June 25, 2021, 11:30–12:30
A central idea in the institutions and development literature is whether there are adequate “constraints on the executive” (North, 1990, p.3). This paper provides causal evidence on how increased constraints on the executive, through removal of Presidential appointment of judges, impacts judicial decision-making. We find that when the judge selection procedure changed in Pakistan, from the President to peer appointments, rulings in favor of the government decreased and the quality of judicial decisions improved. The age structure of judges at the time of the reform and the mandatory retirement age law provide us with an exogenous source of variation in the implementation of the reform. These results are explained by rulings in politically salient cases and by “patronage” judges who hold political office prior to their appointments. According to our estimates, Presidential appointment of judges results in additional land expropriations by the government worth 0.14 percent of GDP every year.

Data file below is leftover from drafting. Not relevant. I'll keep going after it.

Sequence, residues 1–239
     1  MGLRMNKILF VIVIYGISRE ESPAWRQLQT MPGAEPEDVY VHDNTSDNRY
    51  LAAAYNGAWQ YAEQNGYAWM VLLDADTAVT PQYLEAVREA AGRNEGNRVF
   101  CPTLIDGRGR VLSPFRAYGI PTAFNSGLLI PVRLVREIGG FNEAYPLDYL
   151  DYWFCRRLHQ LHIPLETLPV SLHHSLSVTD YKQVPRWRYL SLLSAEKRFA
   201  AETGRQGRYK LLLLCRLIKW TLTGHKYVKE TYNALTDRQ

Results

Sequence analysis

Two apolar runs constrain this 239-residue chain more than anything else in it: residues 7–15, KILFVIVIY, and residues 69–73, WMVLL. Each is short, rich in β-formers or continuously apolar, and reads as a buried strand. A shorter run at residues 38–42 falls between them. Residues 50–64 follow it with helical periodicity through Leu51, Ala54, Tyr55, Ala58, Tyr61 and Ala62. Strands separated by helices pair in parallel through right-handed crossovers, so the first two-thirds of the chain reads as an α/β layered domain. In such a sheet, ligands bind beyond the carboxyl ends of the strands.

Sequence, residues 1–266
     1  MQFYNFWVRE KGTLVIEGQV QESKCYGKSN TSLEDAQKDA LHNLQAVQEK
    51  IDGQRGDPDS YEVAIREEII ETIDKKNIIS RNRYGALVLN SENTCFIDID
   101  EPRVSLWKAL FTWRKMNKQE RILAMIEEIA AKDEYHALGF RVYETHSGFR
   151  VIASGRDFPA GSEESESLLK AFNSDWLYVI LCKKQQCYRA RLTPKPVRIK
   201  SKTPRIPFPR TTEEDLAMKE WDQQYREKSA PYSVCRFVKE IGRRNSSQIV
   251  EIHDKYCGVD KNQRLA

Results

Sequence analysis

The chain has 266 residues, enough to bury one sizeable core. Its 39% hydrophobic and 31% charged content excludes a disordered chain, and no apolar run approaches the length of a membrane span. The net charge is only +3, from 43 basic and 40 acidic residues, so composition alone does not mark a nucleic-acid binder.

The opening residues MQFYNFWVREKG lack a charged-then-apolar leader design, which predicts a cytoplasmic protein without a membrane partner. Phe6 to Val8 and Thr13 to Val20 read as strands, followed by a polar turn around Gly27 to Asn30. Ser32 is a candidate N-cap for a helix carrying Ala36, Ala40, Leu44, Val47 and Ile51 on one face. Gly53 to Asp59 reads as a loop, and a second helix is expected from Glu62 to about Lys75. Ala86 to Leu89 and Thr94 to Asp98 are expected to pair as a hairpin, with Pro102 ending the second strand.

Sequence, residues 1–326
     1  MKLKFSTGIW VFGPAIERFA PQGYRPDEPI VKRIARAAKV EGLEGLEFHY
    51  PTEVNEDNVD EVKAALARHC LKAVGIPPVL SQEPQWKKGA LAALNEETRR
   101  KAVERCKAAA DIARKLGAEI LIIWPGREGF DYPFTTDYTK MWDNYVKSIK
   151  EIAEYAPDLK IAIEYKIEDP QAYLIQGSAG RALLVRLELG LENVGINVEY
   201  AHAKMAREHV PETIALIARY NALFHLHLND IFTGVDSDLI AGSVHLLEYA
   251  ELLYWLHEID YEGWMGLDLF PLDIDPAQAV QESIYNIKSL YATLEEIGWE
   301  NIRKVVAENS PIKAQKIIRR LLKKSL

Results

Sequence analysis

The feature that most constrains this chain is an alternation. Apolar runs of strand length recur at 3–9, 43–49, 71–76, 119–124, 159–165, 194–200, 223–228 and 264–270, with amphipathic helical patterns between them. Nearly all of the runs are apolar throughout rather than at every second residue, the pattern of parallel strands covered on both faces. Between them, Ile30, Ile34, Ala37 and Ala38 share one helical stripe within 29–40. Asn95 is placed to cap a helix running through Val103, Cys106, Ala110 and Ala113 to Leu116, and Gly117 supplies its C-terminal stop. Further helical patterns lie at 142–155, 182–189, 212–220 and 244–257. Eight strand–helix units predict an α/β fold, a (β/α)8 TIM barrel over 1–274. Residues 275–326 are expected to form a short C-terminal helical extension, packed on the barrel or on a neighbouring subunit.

Sultan Mehmood (Aix-Marseille School of Economics), “The impact of Presidential appointment of judges: Montesquieu or the FederalistS”, IAST General Seminar, Toulouse: IAST, June 25, 2021, 11:30–12:30.